The Datsuns shuffled through the Windy City dressed like four dudes straight off the set of That 70s Show, only The Datsuns are from New Zealand, which is way cooler (figuratively and literally) than cheese-loving Wisconsin. The lead singer Dolf de Datsun, and male equivalent of Olive Oyl, shredded the bass while the rest of the crew (and Cousin It look alike squad) ripped through a scorching set Thursday night in Chicago. The evening was full of wailing guitars, hammering bass, and long, greasy, unmaintained hair. If you havenít succumbed to the monstrous rock found on The Datsuns album, you should kick yourself in the balls and keep the $20...because that is what it feels like once these Kiwis unload their crusty classic rock explosion onto your mainframe.
After introducing themselves with a Cheap Trick cover, the shaggy haired Datsuns blazed through tracks from their self-titled debut on V2. ìSittin Pretty,î ìLady,î ìMotherfucker From Hell,î ìHarmonic Generator, the oldie ìSuper Gyration,î and a blistering new gem ìNo Time For Loveî (or ìNo Time To Be In Loveî).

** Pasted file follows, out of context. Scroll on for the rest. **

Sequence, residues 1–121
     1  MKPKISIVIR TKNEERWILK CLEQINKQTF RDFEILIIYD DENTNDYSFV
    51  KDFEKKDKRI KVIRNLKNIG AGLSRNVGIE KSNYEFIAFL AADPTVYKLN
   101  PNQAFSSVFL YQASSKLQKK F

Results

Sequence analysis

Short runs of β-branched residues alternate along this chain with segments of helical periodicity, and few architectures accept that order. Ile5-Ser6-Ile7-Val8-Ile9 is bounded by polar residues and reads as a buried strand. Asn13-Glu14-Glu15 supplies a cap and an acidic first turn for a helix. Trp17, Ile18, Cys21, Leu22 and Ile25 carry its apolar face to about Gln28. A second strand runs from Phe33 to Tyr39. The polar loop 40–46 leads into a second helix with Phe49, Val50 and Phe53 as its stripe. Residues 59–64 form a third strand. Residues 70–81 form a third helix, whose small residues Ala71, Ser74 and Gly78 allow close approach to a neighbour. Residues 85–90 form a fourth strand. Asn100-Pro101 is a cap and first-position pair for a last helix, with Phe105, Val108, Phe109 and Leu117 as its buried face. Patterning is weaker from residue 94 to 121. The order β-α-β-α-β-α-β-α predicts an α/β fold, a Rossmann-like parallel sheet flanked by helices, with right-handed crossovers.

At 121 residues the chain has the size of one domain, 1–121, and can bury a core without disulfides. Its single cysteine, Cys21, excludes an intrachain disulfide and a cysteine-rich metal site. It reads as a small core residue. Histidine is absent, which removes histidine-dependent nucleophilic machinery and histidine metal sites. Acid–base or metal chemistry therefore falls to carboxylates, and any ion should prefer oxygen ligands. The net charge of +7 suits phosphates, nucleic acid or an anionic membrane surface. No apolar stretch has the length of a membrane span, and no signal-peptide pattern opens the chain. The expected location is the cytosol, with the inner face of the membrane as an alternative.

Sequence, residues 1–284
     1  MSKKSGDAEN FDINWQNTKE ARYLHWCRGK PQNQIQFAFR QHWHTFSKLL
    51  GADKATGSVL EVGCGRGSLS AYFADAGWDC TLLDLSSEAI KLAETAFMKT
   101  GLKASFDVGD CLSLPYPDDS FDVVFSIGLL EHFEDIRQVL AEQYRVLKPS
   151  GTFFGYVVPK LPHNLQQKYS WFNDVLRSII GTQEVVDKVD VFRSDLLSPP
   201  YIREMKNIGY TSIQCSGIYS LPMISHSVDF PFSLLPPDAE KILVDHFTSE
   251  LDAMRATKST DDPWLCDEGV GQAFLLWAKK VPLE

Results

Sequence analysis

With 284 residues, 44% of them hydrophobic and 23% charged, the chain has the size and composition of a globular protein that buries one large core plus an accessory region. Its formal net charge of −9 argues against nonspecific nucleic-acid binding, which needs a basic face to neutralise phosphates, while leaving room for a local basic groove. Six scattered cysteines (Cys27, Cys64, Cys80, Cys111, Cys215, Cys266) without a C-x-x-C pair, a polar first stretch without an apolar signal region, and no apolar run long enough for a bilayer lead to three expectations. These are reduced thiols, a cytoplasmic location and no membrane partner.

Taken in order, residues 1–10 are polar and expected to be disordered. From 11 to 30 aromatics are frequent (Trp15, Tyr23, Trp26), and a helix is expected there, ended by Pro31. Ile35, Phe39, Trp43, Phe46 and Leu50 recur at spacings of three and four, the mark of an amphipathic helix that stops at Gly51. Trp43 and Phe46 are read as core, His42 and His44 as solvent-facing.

The stage act, full of smoke, tight pants, beer-fueled vigor, lacked much of a jaw-dropping stage presence, one that I was ìwarnedî to look out for. There was no windmilling off of each others backs, skydiving off of amps, or carnage involving farm animals...it was basically plug in, rock the shit, then go slurp some more brew.
The undeniable force of the band is something measured only on Richter scales. I think I would have enjoyed the set if more people would have braved the wet skies of Chicago to fill the open gaps in the audience. However fierce and raucous the sounds, The Datsuns are definitely NOT a big venue outfit. They need to stick to causing riots in the dive bars and puny clubs across the planet, rather than try to sell out mid-level venues thereby losing an arousing punch of their vicious tenacity.
All I need now, is to see The Datsuns boys team up with The Donnas girls, for the 2003 "D's Nuts" Tour.
Source: Jason Anfinsen